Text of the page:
CPU Coolers Information

CPU coolers are heat sinks which are specifically designed to remove waste heat generated by a central processing unit (CPU). They may include integral fans for active cooling and often fit standard CPU sockets.

 Socket 1366 CPU cooler from Rego Electronics Inc.

Computers are carefully engineered to generate as little heat as possible, as high temperatures damage semiconductor components and reduce processor speeds. Component reliability is also reduced by the square of an increase in ambient temperature, so that a component becomes 25% less reliable when ambient temperature doubles due to waste heat.


Integrated circuits such as the CPU and graphics processing unit (GPU) are the primary generators of waste heat in a modern computer and represent known "hot spots" within a computer chassis. Therefore, computer coolers are typically designed to mitigate heat from these areas by leveraging airflow or using another cooling method.




While some CPU coolers may take the form of passive heat sinks mounted to standard CPU sockets, most are active devices in that they use means other than stationary radiating fins to dissipate heat. Some common technology types for active coolers are discussed below.




Most computers include at least one fan to facilitate the drawing of cool, ambient air from outside the chassis, the expulsion of warm air from inside, or a combination of both. Fans may also be used to move warm air across a heat sink in order to be cooled.  Cooling fans attach to a computer chassis using screws and typically connect to system components using a three- or four-pin Molex connector.


The following components use one or several fans to expel waste heat; HDD and northbridge chip fans are rarely used compared to the other components.


  • Power supply unit (PSU)
  • CPU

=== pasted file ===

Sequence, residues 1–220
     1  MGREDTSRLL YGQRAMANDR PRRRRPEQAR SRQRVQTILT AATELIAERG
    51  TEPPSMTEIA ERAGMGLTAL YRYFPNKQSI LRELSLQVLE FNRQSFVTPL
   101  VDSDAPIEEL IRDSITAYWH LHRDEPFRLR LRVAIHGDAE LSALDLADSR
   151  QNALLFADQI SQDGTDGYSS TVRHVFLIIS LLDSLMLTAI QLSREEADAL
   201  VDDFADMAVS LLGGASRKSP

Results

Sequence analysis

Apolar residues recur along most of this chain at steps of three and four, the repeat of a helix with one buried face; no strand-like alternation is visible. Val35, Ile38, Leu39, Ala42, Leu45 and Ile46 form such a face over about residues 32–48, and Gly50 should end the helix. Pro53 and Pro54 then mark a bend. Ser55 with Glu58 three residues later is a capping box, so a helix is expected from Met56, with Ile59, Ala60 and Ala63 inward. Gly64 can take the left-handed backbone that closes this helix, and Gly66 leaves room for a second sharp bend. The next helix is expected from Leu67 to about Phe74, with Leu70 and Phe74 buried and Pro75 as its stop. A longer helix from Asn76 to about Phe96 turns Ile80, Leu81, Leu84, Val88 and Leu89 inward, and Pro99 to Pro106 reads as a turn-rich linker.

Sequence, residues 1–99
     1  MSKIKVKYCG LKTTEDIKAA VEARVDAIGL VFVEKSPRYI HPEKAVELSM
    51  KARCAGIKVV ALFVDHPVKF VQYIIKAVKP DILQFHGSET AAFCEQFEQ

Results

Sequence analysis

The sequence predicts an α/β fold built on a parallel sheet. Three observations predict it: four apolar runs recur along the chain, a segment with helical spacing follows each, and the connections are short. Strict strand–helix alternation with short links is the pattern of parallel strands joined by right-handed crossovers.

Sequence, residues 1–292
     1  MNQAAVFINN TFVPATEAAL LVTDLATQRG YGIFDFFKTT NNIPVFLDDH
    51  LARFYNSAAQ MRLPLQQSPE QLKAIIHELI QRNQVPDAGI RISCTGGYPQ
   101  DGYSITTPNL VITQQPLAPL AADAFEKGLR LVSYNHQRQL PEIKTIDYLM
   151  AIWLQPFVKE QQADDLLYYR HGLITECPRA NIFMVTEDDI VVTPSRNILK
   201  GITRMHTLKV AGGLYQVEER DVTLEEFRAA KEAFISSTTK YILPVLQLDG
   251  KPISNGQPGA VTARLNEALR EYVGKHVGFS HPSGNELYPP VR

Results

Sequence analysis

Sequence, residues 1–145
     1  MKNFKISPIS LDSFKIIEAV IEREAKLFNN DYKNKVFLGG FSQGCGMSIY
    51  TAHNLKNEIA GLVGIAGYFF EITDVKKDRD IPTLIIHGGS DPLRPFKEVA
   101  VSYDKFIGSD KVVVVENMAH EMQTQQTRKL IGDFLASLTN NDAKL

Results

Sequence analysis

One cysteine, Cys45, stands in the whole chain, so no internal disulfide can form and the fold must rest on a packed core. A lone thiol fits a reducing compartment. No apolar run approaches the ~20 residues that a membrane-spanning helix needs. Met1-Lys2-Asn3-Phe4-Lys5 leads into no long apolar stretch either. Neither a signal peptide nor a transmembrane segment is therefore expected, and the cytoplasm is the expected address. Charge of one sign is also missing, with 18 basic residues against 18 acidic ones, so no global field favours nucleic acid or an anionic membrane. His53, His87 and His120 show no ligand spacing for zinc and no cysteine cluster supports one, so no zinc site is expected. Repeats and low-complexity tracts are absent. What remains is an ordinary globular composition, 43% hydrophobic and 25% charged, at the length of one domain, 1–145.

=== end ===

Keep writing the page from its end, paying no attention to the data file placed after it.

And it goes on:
• GPU
  • Hard disk drive (HDD)
  • Northbridge (memory control) chip


Designing a fan-cooled computer chassis requires careful consideration of airflow. Modern desktop computers and laptops include an exhaust fan at minimum, with multiple-fan setups possible in desktop cases. A multi-fan configuration may include an exhaust fan, a drawing fan to increase the speed of incoming ambient air, and a side fan for intake or exhaust.


The image below shows a cooling configuration typical of high-end desktop computers. This particular design uses three fans at the front and bottom of the case for increasing cool air intake, and three or four fans at the top and back for warm air exhaust. Note that this setup includes active HDD cooling, a feature not typical in lower-end desktops.


High-end destop cooling from NCIX

Image credit: NCIX




Fan cooling is used when natural airflow through a chassis is insufficient to remove waste heat. Insufficient airflow is typical in nearly all modern computers, and is a result of faster processors, resistance due to airflow impediments, and pressure differences.


The formula below is used to calculate required airflow through a computer chassis.






CFM = airflow in cubic feet per minute

Q = heat transferred

Cp = specific heat of air

r = density

DT = temperature change


The formula below represents a simplified version of the one above. It discounts effects such as heat loss through the chassis walls and assumes constants for specific heat (Cp) and density (r) at sea level.




CFM = airflow

W = total load in watts

T1 = maximum internal temperature (in ° F)

T2 = typical internal temperature (in ° F)


For example, a chassis with a 500-watt load, 120° F maximum temperature and 90° F typical temperature would require approximately 53 cubic feet of airflow per minute. By considering this value along with the free air ratings and potential chassis placements of different cooling fans, an engineer can determine how to best dissipate heat.




Computer cooling using liquids was pioneered in early supercomputers and is now used in high-performance systems primarily to cool CPUs. Water cooling systems usually include a water block (essentially a water-containing heat sink), a pump, and a heat exchanger. These three components may be located within the computer's chassis, or the pump, heat exchanger, and fluid reservoir may be externally located.